No matter how busy I was, or how exciting the challenge of the day, the slightest thing would send a stab of anguish through me. When I looked back into my previous life, I seemed to remember a feeling of completeness. I wasn’t naive enough to believe every day was bliss. There were days when I hated my job and our frenetic life-style. But I still felt as if I had a choice. I had a sense of purpose and I felt a whole person. It didn’t matter that I was a couple of kilos overweight or that I would never be marketing manager, or a good painter or writer. It was good to have those dreams, but in my heart I knew that’s all they were. Dreams.
Perhaps they were a part of me that only my family could bring out. Maybe in addition to grieving for my children and grandchildren, I was also grieving for that part of myself that was a gift from them. I needed to become an axolotl and grow a new head.
But moving on, one of the big perks of Vaughn’s job was his company car. As we didn’t have to pay for petrol, we were able to go out every weekend and explore Melbourne and its environs, without spending a cent. Each Friday I baked biscuits or muffins for mystery picnics, and on Saturdays we loaded up the car with hiking boots, towels, flasks of coffee, cameras, a bird book and a map. We took photos and carefully sent only the most attractive ones back to the family in South Africa and England. I managed to paint a colourful picture of life there without indicating how desperately I missed everyone.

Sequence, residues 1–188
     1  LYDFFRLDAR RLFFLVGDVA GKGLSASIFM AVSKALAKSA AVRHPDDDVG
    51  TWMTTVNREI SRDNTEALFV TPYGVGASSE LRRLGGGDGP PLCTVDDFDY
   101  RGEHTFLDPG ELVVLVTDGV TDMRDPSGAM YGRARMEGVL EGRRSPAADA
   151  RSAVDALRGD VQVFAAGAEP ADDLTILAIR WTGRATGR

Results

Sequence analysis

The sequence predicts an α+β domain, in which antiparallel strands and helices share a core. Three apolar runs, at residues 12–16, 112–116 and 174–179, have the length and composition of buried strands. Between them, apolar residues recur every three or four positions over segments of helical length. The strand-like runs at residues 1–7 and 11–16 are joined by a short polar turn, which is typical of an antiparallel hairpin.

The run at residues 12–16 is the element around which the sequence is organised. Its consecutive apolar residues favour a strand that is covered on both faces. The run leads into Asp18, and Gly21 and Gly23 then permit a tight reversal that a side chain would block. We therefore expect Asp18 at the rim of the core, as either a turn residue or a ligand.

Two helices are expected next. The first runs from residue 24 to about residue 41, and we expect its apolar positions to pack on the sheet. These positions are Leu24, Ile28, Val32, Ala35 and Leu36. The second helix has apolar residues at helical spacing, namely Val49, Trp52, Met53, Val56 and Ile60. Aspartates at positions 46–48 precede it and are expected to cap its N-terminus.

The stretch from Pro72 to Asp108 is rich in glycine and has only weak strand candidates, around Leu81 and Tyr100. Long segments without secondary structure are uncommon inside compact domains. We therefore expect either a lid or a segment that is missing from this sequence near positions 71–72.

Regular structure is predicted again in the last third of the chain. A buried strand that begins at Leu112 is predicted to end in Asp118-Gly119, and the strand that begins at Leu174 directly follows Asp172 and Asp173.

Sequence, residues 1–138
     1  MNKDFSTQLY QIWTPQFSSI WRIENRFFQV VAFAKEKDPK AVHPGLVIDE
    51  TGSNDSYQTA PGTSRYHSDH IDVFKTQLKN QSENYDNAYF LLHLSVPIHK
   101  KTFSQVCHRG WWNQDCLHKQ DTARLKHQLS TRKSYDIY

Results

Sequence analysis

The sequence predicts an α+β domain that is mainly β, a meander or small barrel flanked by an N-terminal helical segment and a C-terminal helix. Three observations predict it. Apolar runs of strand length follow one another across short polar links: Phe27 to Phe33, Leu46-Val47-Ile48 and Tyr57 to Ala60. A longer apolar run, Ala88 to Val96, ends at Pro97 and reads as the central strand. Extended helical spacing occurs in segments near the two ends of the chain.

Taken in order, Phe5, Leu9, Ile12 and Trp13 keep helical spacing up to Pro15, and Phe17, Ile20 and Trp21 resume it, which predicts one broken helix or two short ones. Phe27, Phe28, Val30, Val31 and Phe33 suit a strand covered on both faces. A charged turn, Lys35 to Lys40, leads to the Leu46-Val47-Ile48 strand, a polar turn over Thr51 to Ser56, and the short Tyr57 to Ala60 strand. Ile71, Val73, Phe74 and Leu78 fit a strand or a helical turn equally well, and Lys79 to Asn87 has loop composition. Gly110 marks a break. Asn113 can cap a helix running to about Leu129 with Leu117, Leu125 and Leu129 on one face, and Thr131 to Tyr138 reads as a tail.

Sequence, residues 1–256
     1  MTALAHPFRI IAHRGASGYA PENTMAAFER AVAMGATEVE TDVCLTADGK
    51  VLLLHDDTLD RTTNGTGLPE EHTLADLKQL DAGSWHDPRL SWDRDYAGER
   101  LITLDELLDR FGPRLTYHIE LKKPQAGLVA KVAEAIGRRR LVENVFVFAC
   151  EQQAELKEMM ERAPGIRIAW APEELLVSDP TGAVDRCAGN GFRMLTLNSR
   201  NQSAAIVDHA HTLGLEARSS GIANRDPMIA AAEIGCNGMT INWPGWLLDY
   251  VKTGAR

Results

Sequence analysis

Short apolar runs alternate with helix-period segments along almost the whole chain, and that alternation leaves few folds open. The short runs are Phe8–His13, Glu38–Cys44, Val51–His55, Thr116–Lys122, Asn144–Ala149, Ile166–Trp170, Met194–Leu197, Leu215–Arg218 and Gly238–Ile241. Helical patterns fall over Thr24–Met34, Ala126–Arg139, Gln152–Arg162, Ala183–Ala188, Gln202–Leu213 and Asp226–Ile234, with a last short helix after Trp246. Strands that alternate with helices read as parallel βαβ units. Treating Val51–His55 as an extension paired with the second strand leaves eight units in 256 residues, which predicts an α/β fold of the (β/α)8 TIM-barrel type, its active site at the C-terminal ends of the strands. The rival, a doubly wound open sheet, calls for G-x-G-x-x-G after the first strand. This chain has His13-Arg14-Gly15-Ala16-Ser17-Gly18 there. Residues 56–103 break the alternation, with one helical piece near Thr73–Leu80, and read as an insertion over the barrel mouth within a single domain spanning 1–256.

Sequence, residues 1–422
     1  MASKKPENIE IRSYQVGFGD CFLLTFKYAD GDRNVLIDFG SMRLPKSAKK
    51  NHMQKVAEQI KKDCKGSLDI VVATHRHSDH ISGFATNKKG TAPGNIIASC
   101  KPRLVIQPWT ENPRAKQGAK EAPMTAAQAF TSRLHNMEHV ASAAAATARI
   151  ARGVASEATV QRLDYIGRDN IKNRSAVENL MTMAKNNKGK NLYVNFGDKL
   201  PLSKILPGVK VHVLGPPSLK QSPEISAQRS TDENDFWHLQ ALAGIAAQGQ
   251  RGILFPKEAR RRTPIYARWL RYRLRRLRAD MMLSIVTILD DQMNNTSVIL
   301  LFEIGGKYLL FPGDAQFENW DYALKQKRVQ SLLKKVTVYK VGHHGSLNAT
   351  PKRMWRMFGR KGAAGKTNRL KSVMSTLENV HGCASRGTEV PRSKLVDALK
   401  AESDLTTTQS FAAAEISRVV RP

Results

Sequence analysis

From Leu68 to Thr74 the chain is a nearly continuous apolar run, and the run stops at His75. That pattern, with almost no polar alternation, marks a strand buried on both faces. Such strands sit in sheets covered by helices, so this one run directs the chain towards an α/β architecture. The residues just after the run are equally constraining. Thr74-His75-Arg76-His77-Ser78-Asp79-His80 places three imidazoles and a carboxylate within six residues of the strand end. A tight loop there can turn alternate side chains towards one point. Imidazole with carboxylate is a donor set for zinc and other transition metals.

Which is why, when my daughter Abi emigrated to New Zealand, she felt pathetic about the number of days she felt really depressed. She compared herself with the false impression I had given her of my strength. When she read my journal and discovered the truth, she urged me to write it all down, because a grieving process seems to be normal among all the female migrants I have spoken to. Emigrating is an emotional journey across continents, through which there are no short-cuts.
We bought a book called 200 kilometres around Melbourne, and by the end of our first year we had been to almost every place mentioned in the book. Often people would ask me if I’d been to Sydney, or Perth, or Alice. I’d reply, ‘Not yet. But have you been to Noojee?’ Many of the local Melbournians I spoke to had never heard of the place.
At Noojee we walked across the 102m trestle bridge which once carried a railway line to remote logging towns.
We walked through a lush mountain ash forest to the Toorongo Falls, by which time we were hungry, so headed back into town.
Noojee can barely boast a couple of small shops, but the Outpost Inn and its associated Toolshed bar were packed. Once inside we could see why. The corrugated iron Toolshed contained a roaring log fire and the most diverse assortment of old farming gadgets I’ve ever seen. There was everything from stuffed possums to rusty old scythes. And when we saw the size of the meals being carried through, we knew we would be making the journey back to Noojee again and again.